Still has some catching up to do.
I thought back to years of discriminatory practices and mere token representation in management. I recalled the ineffectiveness of the few African American managers who attempted to lead the African American Forum, which was established in the late '80s as a self-help mechanism to champion diversity issues and faster mentoring within the company. Thanks to the poor efforts and lack of effective leadership within the African American community at GE, few of us were allowed to move up into management level positions. GE CEOs, like Lloyd Trotter, and diversity coordinators, like Daisy Wood, never held GE's chairman and upper management accountable for their discriminatory practices. I agree that holding the highest level of management accountable is the only way to effect changes in a company's policy on employment practices involving minorities.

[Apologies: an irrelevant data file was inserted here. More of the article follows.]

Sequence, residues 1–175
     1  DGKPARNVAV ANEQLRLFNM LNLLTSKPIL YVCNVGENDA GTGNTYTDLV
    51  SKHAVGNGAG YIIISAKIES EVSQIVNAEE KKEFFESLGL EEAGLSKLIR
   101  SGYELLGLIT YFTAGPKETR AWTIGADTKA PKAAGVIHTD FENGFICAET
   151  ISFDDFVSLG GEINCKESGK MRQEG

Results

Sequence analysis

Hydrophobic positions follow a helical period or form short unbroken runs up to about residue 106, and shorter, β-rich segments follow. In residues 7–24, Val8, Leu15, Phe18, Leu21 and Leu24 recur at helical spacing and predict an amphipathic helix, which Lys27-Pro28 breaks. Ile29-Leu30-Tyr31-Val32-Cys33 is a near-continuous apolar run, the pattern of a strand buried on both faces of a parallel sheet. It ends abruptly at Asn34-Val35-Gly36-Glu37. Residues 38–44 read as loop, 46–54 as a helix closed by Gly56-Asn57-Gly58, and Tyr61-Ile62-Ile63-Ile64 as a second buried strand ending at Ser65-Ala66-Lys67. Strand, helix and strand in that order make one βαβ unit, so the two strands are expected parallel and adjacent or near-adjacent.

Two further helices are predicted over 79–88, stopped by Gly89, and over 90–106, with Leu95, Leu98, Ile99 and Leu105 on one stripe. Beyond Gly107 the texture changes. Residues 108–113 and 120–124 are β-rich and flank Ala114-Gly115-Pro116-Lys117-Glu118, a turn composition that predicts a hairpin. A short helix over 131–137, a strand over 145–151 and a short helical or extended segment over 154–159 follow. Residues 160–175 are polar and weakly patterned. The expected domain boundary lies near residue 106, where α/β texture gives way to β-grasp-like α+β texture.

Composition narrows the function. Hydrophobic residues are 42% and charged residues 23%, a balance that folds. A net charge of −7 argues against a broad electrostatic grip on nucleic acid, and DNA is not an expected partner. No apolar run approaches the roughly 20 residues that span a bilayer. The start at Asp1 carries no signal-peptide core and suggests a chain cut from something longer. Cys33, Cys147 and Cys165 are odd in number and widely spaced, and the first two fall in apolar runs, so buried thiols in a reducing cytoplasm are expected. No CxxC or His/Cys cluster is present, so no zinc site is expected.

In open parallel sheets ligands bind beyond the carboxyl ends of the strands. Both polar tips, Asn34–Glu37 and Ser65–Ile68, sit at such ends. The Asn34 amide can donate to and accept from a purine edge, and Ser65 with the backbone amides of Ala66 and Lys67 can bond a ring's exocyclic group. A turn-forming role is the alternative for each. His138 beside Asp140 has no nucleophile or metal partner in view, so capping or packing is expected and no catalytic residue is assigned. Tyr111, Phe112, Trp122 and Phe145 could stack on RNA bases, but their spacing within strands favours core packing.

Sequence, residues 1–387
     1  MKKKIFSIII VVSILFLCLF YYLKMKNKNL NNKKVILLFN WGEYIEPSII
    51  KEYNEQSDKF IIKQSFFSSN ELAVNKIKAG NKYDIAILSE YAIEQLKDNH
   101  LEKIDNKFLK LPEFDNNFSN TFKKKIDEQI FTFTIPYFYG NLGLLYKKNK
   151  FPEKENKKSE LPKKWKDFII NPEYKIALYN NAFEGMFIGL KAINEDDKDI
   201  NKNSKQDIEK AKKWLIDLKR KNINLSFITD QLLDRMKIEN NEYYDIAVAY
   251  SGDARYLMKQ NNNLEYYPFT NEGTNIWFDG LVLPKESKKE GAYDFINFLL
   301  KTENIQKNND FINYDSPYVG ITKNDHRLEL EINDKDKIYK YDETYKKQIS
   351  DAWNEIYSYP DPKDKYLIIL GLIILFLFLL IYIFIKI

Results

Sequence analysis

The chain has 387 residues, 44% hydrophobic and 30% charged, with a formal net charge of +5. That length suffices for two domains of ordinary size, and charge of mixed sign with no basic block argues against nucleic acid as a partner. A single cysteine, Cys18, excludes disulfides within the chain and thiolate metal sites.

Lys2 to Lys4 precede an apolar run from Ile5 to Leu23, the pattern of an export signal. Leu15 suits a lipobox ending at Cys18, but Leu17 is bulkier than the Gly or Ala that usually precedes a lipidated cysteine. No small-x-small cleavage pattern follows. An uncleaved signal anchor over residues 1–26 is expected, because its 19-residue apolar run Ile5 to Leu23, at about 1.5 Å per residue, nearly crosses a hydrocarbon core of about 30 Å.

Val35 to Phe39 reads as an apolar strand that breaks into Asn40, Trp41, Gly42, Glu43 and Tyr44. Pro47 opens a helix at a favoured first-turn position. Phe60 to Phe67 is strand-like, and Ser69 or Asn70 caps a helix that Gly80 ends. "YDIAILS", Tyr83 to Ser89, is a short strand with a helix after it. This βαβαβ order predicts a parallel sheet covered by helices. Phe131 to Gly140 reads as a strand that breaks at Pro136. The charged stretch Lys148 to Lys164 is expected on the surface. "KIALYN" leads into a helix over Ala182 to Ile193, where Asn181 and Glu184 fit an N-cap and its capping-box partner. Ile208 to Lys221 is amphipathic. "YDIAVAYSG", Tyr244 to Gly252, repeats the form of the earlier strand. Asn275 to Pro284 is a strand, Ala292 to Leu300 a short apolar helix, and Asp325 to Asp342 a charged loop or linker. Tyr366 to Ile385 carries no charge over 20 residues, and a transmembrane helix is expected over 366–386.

To me, it's not surprising that 20 years aster the establishment of the AAF, we see that Marcel T. Thomas, another talented executive, is claiming that the company engages in discriminatory practices. Jack Welch was never held accountable for his lack of commitment to the company's diversity initiatives. However, now that the GE monogram has lost its luster, perhaps champions like Thomas can force a paradigm shift within corporate America--as well as among African Americans who continue to flounder within "hallowed institutions" like GE--that engage in discrimininatory hiring and promotion practices.
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|Article Type:||Letter to the Editor|
|Date:||Nov 1, 2005|
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